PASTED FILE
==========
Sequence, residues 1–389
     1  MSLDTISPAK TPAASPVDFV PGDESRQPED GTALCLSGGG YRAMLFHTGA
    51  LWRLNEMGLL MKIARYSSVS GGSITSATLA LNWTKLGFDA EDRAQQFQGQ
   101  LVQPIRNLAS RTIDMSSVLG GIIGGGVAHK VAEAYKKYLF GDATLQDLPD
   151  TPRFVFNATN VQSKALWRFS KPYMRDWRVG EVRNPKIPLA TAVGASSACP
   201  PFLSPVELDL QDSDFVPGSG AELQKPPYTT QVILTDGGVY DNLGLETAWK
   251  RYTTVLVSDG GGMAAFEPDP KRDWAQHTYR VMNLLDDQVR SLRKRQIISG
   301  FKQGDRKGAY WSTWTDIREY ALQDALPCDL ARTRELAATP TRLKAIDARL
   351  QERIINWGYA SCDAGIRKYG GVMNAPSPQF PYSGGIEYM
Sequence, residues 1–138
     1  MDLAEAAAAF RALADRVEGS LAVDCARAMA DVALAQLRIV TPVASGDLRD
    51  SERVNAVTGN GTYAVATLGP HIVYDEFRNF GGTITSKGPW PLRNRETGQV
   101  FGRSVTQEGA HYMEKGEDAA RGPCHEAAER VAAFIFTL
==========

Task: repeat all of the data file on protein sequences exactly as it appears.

Sequence, residues 1–389
     1  MSLDTISPAK TPAASPVDFV PGDESRQPED GTALCLSGGG YRAMLFHTGA
    51  LWRLNEMGLL MKIARYSSVS GGSITSATLA LNWTKLGFDA EDRAQQFQGQ
   101  LVQPIRNLAS RTIDMSSVLG GIIGGGVAHK VAEAYKKYLF GDATLQDLPD
   151  TPRFVFNATN VQSKALWRFS KPYMRDWRVG EVRNPKIPLA TAVGASSACP
   201  PFLSPVELDL QDSDFVPGSG AELQKPPYTT QVILTDGGVY DNLGLETAWK
   251  RYTTVLVSDG GGMAAFEPDP KRDWAQHTYR VMNLLDDQVR SLRKRQIISG
   301  FKQGDRKGAY WSTWTDIREY ALQDALPCDL ARTRELAATP TRLKAIDARL
   351  QERIINWGYA SCDAGIRKYG GVMNAPSPQF PYSGGIEYM
Sequence, residues 1–138
     1  MDLAEAAAAF RALADRVEGS LAVDCARAMA DVALAQLRIV TPVASGDLRD
    51  SERVNAVTGN GTYAVATLGP HIVYDEFRNF GGTITSKGPW PLRNRETGQV
   101  FGRSVTQEGA HYMEKGEDAA RGPCHEAAER VAAFIFTL